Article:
Photo Fun With Fireworks

image.jpg

Yes, The 4th of July is coming! And for us here in the U.S. That is a big deal. Fireworks are a staple of the holiday, and for years you have watched them at a backyard BBQ, over parks, and beaches. Now it's time to take those explosion that are gone in the blink of an eye and make them into cherished memories and awesome images!  

Long Exposure! If you have been a part of the Gillette Outdoors Family for long you have heard the term. I enjoy taking long exposure shots for many reasons, and fireworks are some of them.

You will need a sturdy tripod! Your camera will pick up any movement at all and turn you photo into a blurry mess! ย 

Now let's talk about the camera setup. This image is what's known as a long exposure, which means that the shutter of your camera remains open for an extended period of time during the shot. To do this it is best that you put your camera in "M" manual mode. In manual mode you have control over all settings so you must know how to adjust them on your specific camera. So dust of your cameras owners manual or search for your model online for the correct setting adjustments. With this low light you need to set your camera up to be able to bring in any light it can so first let's adjust your aperture setting. Now from lens to lens this setting will change because of the inner diameter of the lens but just set your aperture "F#" to the lowest possible number. The lens I was using let me go down to F3.5. This is going to open up the inside shade of the lens and allow the most light to get into you sensor.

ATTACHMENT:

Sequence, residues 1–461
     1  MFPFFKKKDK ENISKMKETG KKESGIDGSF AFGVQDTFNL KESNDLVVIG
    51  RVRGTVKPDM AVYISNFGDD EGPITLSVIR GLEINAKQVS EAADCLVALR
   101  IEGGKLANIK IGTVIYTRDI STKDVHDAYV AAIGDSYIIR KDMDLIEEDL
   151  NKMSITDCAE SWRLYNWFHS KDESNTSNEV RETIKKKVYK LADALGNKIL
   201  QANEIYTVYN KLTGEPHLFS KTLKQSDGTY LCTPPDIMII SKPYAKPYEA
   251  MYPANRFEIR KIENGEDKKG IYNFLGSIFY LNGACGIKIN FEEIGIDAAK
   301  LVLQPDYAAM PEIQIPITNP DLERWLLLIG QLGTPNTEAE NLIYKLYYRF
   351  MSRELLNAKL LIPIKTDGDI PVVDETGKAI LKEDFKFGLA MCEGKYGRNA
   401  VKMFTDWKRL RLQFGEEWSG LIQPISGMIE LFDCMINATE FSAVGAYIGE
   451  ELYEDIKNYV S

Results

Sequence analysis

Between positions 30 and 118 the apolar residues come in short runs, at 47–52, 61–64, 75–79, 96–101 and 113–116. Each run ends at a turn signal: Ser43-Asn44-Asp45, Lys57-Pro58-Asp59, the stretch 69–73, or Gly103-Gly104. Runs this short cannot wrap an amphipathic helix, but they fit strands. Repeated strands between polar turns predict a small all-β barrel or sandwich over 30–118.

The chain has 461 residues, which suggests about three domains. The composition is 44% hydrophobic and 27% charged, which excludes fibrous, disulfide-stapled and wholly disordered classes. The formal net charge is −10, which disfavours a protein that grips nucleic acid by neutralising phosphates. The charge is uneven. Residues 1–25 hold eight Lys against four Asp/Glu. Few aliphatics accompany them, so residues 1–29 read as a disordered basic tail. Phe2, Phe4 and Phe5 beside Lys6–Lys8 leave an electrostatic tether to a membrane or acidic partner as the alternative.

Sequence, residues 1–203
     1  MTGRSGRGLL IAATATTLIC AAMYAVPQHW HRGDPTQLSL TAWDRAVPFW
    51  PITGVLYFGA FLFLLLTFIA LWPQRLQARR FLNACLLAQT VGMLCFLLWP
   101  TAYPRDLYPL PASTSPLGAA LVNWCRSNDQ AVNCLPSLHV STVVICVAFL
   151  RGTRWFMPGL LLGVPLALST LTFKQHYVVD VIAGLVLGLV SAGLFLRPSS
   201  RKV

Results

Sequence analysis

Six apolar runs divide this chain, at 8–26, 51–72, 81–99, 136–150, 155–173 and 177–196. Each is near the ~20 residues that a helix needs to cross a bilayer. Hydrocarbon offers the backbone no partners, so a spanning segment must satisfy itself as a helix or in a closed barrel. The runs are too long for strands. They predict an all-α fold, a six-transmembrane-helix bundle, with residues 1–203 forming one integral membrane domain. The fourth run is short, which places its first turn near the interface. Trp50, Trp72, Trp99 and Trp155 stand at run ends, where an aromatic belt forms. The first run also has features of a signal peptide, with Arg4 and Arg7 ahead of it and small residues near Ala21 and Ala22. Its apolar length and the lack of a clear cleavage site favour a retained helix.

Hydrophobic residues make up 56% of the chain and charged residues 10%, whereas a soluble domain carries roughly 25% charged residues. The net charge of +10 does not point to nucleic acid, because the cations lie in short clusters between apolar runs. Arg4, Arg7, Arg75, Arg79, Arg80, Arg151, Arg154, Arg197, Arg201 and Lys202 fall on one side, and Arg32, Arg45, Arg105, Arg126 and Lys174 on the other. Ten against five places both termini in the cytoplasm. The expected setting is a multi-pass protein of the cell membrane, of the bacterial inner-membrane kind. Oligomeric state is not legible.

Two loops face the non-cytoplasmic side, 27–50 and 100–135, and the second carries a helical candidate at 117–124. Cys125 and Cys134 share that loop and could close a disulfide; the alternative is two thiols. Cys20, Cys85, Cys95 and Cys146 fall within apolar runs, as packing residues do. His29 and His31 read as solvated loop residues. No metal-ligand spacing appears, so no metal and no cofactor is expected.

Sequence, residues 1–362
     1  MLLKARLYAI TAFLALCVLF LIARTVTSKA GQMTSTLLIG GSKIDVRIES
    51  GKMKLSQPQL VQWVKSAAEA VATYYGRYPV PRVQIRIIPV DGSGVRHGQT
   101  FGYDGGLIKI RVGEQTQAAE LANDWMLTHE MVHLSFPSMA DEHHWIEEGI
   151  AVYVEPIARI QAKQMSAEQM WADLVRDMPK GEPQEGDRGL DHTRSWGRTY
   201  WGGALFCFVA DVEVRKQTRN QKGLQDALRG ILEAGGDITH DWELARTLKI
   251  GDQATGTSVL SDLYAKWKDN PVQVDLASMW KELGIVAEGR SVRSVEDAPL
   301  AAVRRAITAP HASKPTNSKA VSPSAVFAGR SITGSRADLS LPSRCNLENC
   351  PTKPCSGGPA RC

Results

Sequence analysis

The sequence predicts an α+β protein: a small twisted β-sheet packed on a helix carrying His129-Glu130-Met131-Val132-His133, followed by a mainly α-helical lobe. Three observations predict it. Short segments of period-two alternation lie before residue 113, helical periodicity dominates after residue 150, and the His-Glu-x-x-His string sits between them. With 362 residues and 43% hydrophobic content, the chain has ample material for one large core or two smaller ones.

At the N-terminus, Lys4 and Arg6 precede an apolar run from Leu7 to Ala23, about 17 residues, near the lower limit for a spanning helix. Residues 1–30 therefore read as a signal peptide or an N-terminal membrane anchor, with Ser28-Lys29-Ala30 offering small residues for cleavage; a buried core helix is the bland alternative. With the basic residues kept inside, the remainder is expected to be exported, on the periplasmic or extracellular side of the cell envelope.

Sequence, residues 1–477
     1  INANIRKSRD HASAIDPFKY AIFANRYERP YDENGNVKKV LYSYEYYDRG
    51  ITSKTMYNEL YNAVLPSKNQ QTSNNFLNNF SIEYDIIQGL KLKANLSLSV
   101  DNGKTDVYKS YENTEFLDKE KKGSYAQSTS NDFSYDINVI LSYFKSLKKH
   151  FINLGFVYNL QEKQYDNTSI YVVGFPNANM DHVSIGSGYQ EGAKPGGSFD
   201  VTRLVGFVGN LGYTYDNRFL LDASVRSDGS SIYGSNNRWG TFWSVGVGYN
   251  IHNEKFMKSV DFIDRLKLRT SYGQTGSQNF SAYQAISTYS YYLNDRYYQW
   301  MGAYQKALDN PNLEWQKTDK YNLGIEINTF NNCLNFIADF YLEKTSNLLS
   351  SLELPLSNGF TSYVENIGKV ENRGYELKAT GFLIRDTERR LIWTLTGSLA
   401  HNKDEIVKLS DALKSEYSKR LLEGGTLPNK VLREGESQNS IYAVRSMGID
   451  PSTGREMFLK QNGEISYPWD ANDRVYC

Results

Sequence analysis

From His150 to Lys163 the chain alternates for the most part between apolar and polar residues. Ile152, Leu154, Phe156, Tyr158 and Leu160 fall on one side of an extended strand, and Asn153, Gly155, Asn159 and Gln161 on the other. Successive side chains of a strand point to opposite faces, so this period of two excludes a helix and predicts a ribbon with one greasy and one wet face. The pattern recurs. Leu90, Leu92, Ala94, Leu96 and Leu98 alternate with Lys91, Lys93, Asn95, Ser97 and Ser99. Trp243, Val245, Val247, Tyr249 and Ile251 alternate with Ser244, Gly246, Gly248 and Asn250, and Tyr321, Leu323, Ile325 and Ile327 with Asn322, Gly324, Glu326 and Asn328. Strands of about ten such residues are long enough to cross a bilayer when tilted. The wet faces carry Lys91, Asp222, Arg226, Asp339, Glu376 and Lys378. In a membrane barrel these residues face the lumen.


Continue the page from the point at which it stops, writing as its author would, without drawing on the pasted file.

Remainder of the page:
Next is ISO, I have found that it is better to use a low ISO setting when shooting shots like this because you tend to get a lot of noise when your cameras sensor overly sensitive. So believe it or not I keep with an ISO of 100 even in this dark situation. I would rather give the camera more time than worry about crappie shots. Which leaves us with one last setting which is shutter speed. With this you have a few options first you can use a pre timed shutter speed that your camera has built in. Most cameras will have at most a 30 sec exposure time, so if you can get your shot done in that amount of time then that will work. Or you can set your shutter speed to "bulb" witch allows you to open the shutter and leave it open until you want to close it. 

With my camera the bulb mode setting can be controlled in two ways. First you have the shutter release button, press and hold this button and the shutter will remain open until you let your finger off the button. This will work but it is hard even with the best tripods not to move the camera while holding the button. Option two is to use a remote shutter release button, you can pick one up for your camera online for relatively cheep. With the remote you push the button once and the shutter opens and you push the button again to close it. Much easier and completely hands off the camera and tripod makes for no movement in the shot. I always recommend the remote method for anyone trying to do this type of shot and if you are attempting it alone there is no other way.

Lastly, in the dark your camera will not be able to autofocus, so you will need to set your camera to manual focus mode. To focus your shot put bright light on your main subjects and set your focus and leave it. My lens has an infinity setting on the lens that puts everything in focus so check your lens, you may have the same.  

Camera setting recap

Aperture  F3.5

ISO 100

Shutter speed "bulb" 45-50 seconds  

Manual Focus  

 

Here are some videos that will help you better understand some of these settings on your camera. Shutter speedISO, and Aperture.

I would start with a 10 or 15 second Shutter speed, and adjust from there.  

So the whole idea is to light the fuse, trigger the camera. And sit back and watch the show once the firework has stopped check you camera to see what you got! 

Get creative with sparkles and write your name in the air. Your camera will pick up everything in one image. 

Try it!